Clinical reasoning: When the symptoms of the patient fit the Data Base


When a disease is not common and their signs and symptoms can be shared with other entities, a particular detail can give an important clue to reach the diagnosis. There is a lot of clinical information today for every clinical picture and clinical database can select one of these characteristics.

In this clinical case we want to highlight the importance of a complete knowledge of particularities in the clinical presentation of a process, some uncommon but well defined presentation that can help us to save the life of a patient, and also we want to enhance the key role of the laboratory medicine in the diagnosis of a disease.

Clinical case

A-35-year-old Peruvian man without any previous disease started with intermittent nausea and vomiting, ataxia and dizziness, maintaining these symptoms for a month, consulting at least twice to a hospital.  After this time, the patient started with less strength in the left arm, with diplopia, so he went to the hospital.

During the physical examination he was alert and orientated with a normal speech and a normal general examination.There was no fever at the moment of the examination.  The neurological examination showed an impossibility to walk, with a dismetry predominantly in the left hemibody. No stiff neck was present. There was an impairment of the ocular convergency, without deficit in any other cranial nerves.

Blood test, biochemistry, renal function and coagulation were normal. Antigen for virus SARS-CoV-2 was also negative. A thoracic X-ray was normal.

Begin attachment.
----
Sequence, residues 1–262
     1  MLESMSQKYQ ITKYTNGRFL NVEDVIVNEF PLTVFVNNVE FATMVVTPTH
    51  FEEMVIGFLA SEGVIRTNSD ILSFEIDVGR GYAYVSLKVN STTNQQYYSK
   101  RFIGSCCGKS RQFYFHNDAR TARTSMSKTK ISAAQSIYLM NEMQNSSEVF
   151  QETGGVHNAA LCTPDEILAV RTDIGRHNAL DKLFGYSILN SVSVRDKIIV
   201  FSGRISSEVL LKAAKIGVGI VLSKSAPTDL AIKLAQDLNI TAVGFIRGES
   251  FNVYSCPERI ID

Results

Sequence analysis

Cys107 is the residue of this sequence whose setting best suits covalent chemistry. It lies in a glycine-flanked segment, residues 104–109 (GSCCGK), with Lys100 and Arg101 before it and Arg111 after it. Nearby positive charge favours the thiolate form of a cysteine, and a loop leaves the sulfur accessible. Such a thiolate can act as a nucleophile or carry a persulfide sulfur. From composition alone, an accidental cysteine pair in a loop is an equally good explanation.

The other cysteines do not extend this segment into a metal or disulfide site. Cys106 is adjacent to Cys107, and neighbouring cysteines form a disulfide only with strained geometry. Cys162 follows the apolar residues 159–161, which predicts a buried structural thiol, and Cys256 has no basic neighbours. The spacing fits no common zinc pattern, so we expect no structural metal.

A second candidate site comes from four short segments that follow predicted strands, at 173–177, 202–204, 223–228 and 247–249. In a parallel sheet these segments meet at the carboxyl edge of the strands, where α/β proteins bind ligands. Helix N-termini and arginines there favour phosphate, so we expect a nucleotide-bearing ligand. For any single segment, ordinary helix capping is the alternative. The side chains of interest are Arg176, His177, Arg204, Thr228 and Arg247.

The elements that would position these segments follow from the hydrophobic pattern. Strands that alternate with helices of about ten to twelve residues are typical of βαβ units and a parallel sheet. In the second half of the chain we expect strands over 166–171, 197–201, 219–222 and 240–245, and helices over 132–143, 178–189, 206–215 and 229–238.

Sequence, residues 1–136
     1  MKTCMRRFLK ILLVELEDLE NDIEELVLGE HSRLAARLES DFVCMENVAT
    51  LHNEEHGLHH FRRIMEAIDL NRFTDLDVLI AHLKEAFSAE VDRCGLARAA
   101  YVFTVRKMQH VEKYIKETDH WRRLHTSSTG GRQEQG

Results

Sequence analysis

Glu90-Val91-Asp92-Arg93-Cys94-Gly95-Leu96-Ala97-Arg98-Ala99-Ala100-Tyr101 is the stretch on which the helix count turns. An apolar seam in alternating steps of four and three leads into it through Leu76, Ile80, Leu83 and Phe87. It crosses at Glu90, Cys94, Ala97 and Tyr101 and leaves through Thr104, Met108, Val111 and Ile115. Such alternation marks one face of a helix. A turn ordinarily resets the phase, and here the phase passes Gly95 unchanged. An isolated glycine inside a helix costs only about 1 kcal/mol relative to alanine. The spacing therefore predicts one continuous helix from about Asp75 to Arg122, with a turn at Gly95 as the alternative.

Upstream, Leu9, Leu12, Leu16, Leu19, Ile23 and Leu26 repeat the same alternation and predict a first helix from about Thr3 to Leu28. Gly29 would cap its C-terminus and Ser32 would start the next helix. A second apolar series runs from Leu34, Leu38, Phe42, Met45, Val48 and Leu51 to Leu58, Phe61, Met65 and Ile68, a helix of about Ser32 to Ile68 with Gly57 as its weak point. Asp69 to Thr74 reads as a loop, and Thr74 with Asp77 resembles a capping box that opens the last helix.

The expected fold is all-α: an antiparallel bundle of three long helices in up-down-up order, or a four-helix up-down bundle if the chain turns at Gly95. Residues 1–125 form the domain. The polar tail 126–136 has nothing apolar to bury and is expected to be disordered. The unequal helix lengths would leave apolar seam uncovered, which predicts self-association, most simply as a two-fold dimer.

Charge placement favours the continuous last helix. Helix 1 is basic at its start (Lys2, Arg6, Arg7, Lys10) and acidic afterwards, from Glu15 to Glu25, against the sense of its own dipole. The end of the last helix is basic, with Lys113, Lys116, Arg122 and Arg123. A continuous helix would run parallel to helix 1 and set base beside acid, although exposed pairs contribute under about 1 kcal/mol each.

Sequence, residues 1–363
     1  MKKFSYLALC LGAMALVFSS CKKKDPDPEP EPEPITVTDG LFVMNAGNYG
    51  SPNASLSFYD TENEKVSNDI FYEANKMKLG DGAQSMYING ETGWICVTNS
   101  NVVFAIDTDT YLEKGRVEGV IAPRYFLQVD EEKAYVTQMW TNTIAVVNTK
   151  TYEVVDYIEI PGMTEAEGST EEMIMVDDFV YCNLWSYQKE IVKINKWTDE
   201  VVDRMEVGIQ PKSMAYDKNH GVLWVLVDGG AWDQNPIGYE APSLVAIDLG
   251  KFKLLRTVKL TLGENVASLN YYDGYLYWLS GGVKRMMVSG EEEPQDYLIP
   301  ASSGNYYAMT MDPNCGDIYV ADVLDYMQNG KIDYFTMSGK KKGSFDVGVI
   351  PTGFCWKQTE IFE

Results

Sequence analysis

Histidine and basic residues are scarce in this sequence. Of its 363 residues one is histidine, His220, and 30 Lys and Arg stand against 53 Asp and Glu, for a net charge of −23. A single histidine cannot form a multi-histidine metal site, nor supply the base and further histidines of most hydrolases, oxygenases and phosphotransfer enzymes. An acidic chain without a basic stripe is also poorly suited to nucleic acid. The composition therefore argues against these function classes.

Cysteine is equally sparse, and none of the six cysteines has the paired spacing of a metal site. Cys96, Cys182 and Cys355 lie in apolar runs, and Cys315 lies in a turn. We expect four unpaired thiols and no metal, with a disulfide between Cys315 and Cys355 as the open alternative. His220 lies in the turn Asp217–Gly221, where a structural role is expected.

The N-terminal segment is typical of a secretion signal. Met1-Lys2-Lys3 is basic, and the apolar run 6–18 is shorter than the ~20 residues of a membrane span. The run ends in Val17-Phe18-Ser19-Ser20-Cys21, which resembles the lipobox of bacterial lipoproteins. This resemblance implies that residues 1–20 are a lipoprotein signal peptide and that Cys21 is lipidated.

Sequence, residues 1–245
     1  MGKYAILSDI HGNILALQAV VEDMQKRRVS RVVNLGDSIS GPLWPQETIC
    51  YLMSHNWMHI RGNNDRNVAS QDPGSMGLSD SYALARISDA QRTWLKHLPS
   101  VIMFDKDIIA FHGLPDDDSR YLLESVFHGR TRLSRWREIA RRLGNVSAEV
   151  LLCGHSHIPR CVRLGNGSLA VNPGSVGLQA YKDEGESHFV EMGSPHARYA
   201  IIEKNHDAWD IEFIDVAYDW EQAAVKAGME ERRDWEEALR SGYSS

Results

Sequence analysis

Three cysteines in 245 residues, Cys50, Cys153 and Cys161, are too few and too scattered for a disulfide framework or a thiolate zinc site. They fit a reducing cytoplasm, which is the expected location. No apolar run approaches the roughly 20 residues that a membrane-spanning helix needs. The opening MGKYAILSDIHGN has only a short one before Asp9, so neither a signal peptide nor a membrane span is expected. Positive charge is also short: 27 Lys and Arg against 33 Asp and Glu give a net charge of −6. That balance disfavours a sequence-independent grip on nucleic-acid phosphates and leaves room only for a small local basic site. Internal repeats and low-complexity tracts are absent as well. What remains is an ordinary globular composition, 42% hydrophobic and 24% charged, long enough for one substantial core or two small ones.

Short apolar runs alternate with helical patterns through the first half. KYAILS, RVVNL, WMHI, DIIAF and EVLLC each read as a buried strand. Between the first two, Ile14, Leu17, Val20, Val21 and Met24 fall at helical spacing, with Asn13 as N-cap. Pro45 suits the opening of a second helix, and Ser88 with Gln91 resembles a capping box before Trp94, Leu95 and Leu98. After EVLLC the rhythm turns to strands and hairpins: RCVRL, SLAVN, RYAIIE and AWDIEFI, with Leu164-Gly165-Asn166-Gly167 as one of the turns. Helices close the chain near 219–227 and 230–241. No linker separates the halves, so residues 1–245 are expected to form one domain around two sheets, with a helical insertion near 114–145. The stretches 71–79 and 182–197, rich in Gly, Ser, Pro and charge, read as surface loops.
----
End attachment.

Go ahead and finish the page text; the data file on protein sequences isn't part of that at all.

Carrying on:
Because the patient referred occasional fever at home , a blood culture was obtained.

Patient Illness Script

This is the case of a previous healthy young man that started in an acute form with fever, vomiting,  and gait coordination problems, lasting for almost a month, with cranial nerve palsies in the evolution, almost a month later. I would think in a intracranial hypertensive syndrome (nausea and vomiting), with a cerebellar problem (gait disturbances), possibly associated with an unknown infectious etiology”


What is your diagnosis?

Maybe you recognize a pattern here or maybe not. A pertinent question would be: Is there any infectious disease, starting in an acute presentation, with a predominant tendency to a cerebellar involvement in a healthy man? This is a difficult question to answer even for a neurologist.

To help with your reasoning, we will expose here some images from the patient


What do you think was the test for a definitive diagnosis?

You can know the answer here

Author: Dr. Lorenzo Alonso Carrión